CONAN: Yeah.

M: It's terribly challenging. And one of the most shocking things was the first time the doctor said we don't know what you should do. What do you want to do? And I'm thinking you're the doctors. I always thought you'd tell me.

CONAN: You'd tell me, yeah.

M: Tell me what to do. I'll be there and you'll do it. And they'll say, well you have this option, you have this option. You know, what are you going to do? And it's like, I have no idea.

I'm facing a decision in about a week on a drug that may be very effective but may also cause strokes. How do you make that choice? It's hard.

TAY: Right. (Unintelligible) with your life.

CONAN: Yeah.

M: Right.

CONAN: If you're wrong, you're going to - well, anyway.

M: Well, but the other thing that you said at the beginning of the call - I find myself - and I think all cancer patients do - I find myself comforting more people more than the other way around.

TAY: Oh, absolutely.

M: I've told people and they've burst into tears. And you sort of say, you know, it's okay. I have to comfort them because they're in pain as well. They're in pain for us. But it's sort of a strange reversal. Again, it's not something that - it's not the way you would expect it to be.

TAY: It's true. My mother passed away with lung cancer when I was 18, and I watched her comfort other people.

CONAN: Hmm.

TAY: And then 20-something years later, I was doing the same thing.

CONAN: Tay, we'll expect you to call us back in a year.

TAY: I expect to call you back in 20 years, Neal.

M: Good luck.

CONAN: Thanks very much.

TAY: Thank you.

CONAN: Bye-bye.

TAY: Bye-bye.

CONAN: We're talking with Leroy Sievers. His blog - you can read it - is at npr.org/mycancer. If you'd like to join this conversation, send us an e-mail at talk@npr.org. You're listening to TALK OF THE NATION from NPR News.

And let's get Kelly on the line. Kelly's also calling from Jacksonville.

KELLY: Hi. Good afternoon.

CONAN: Hi.

KELLY: I have a question. I just finished my sixth chemo, and I've finished with ovarian cancer. And I've been doing remarkably well and taking Haelan 951 and vitamin C infusions and wanted to know if you'd considered any treatments for what you're going through. And I also wish you very well.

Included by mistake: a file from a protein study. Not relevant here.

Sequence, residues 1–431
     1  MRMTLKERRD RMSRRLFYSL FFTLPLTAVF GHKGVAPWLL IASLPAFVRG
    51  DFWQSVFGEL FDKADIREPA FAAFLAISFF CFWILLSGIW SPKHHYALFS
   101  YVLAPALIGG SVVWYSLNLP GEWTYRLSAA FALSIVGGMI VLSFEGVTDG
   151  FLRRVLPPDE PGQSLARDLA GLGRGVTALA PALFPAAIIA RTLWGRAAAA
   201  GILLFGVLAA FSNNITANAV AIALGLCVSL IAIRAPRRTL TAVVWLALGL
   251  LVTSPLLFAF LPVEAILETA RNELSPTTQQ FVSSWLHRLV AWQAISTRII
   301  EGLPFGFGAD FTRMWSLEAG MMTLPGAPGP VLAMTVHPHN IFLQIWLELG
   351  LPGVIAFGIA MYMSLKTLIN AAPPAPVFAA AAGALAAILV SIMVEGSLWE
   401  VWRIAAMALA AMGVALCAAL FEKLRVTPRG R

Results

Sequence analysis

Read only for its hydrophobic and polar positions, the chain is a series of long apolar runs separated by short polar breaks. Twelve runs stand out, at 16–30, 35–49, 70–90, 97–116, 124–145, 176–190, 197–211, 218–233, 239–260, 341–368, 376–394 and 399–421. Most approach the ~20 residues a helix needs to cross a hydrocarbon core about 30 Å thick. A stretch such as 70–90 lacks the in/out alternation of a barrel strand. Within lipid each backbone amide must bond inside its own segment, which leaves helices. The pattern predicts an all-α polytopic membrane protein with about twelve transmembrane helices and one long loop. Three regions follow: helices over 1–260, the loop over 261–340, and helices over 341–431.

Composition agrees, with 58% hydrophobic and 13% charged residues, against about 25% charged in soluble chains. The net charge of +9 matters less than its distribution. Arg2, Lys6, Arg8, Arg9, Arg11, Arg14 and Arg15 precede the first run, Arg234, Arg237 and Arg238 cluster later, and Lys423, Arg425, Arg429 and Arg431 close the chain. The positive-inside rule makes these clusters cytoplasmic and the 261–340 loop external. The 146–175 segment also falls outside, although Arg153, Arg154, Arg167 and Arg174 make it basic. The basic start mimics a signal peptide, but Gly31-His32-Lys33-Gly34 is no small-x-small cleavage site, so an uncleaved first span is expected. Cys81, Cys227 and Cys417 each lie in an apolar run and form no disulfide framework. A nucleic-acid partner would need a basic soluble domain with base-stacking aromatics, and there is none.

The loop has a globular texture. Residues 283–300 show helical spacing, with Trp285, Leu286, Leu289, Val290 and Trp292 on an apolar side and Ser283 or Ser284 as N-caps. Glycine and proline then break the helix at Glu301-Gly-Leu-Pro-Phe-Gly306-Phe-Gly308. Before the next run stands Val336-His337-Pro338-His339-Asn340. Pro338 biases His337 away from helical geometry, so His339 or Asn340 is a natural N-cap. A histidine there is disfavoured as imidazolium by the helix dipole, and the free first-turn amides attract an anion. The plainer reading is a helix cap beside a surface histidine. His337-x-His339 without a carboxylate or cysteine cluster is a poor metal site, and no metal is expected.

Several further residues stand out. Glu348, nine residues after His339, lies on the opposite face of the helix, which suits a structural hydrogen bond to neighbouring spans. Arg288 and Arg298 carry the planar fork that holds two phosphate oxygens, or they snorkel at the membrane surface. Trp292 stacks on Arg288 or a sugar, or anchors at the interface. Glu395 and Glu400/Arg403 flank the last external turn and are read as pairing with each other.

CONAN: Hmm.

M: Thank you. I've - a lot of people suggest alternative treatments. I honestly don't know a lot about them. I mean, there's some on the outside, it's like you should try the Tahitian-something-berry or the fruit of something. On the other hand, there is real research into mushrooms, into scorpion poison of all things. So, you're never quite sure where it's going to come from.

I have to admit, I'm fairly traditional. I'm in - I have good doctors. I trust them, and right now we're going down that road. But my thing is, if something works for you or it makes you feel better, you know, go ahead and give it a shot. As time goes on, as the traditional therapies fail, which they're all sort of destined to - a lot of them are - then you start looking further and further a field.

KELLY: I think the reason why I ask the question is because I saw my mother and my grandmother die both young - in their mid-40s - of cancer. And, without sounding like a doom-and-gloom person, the chemotherapy, it just - you know, it never truly worked long term for them. And I feel like there's something out there with alternative medicine that people can latch onto, that - I guess if their individualized, can help them if they can just find the right treatment for themselves. Because we're all different spirits and we're all different souls and I think that we all have to come from that aspect of healing.